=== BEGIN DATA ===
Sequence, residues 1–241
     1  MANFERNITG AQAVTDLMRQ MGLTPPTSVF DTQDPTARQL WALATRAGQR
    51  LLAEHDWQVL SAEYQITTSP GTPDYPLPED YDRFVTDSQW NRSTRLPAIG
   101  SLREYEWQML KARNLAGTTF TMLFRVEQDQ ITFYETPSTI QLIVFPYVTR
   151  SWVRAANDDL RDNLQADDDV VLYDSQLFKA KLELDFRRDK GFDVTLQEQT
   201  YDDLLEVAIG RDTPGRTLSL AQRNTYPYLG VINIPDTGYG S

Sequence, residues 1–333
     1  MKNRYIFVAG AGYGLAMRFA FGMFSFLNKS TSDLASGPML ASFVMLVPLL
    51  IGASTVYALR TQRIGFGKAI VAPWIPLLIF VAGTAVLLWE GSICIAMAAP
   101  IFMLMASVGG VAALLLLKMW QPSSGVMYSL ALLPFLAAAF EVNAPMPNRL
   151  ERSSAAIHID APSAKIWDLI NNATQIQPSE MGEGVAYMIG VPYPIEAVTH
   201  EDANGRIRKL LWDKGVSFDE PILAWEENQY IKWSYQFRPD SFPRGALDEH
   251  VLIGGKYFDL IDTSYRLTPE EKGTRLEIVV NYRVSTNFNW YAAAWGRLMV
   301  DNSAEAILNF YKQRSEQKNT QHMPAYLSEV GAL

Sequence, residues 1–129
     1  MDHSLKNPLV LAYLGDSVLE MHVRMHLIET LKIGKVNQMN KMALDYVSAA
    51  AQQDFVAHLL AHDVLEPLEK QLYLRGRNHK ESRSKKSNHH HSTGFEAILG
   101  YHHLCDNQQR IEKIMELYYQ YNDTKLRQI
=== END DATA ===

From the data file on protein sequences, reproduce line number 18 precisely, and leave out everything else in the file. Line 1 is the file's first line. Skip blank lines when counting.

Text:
   101  YHHLCDNQQR IEKIMELYYQ YNDTKLRQI